Routes into Destitution: Identifying vulnerabilities and coping strategies in the life course of undocumented Central and Eastern European citizens in Switzerland

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Logo des Projekt
DOI der Originalpublikation
Projekttyp
angewandte Forschung
Projektbeginn
01.01.2021
Projektende
31.12.2022
Projektstatus
abgeschlossen
Projektkontakt
Projektmanager:in
Beschreibung
Zusammenfassung
In Switzerland, there is a growing number of destitute mobile Central and Eastern European citizens relying on homelessness care. The research project aims at scrutinizing the available social, financial, physical and human resources and revealing social coping strategies of destitute CEE migrants in two Swiss cities: Geneva and Zürich. Doing so, we analyse vulnerability through the life course of destitute CEE from the interdisciplinary viewpoints of social geography (geographic migration and its effect on vulnerability), sociology (social networks and social status), social work (lifeworld and coping strategies) as well as social policy and social rights (institutional resources and their availability).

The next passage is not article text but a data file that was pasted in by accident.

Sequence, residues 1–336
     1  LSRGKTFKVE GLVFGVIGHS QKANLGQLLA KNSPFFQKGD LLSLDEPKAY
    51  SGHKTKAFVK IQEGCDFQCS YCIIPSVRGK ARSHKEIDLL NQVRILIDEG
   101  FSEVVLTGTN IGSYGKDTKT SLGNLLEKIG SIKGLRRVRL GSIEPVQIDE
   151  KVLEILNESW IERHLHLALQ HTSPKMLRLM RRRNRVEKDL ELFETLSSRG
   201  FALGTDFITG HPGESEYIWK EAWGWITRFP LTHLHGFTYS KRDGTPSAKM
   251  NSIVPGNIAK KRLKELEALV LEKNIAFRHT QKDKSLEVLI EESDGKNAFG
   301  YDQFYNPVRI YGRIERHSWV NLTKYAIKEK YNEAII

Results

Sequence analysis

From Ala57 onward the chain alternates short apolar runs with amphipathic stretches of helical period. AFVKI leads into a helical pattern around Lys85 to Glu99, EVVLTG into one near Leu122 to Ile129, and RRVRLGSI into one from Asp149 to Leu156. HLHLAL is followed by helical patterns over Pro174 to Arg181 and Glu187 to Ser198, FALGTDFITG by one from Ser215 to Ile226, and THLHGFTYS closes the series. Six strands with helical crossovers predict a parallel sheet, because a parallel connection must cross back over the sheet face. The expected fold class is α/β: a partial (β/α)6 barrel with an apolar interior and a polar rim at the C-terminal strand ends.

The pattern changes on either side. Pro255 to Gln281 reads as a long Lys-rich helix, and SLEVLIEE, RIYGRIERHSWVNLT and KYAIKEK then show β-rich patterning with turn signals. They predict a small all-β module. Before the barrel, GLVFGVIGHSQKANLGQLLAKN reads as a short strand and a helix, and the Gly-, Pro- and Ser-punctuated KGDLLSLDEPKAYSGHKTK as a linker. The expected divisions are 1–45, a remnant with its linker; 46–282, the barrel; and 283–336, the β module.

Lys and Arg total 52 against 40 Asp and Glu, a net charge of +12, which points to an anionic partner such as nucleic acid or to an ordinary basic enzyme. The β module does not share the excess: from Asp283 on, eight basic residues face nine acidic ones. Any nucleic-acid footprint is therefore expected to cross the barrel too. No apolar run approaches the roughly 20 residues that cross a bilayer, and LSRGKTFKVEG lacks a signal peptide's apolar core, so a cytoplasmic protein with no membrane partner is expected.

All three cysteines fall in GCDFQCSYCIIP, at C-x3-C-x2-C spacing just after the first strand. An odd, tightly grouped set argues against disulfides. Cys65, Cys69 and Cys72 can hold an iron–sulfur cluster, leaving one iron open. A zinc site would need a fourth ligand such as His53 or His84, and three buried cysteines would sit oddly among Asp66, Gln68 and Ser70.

Link
Während FHNW Zugehörigkeit erstellt
Hochschule
Hochschule für Soziale Arbeit
Institut
Institut Sozialplanung, Organisationaler Wandel und Stadtentwicklung
Finanziert durch
NCCR LIVES
Schweizerischer Nationalfonds (SNF)
Projektpartner
Eötvös Loránd University Budapest (external partner)
Finanziert durch
NCCR LIVES
SAP Referenz
Schlagwörter
destitution
vulnerability
homelessness
social resources
life course
life trajectory
Central and Eastern Europe
Fachgebiet (DDC)
Publikationen
Publikation
Homelessness and mental disorders. An international overview
(10.12.2021) Temesvary, Zsolt [in: Szociálpolitikai Tükör / Hungarian Journal of Social Policy]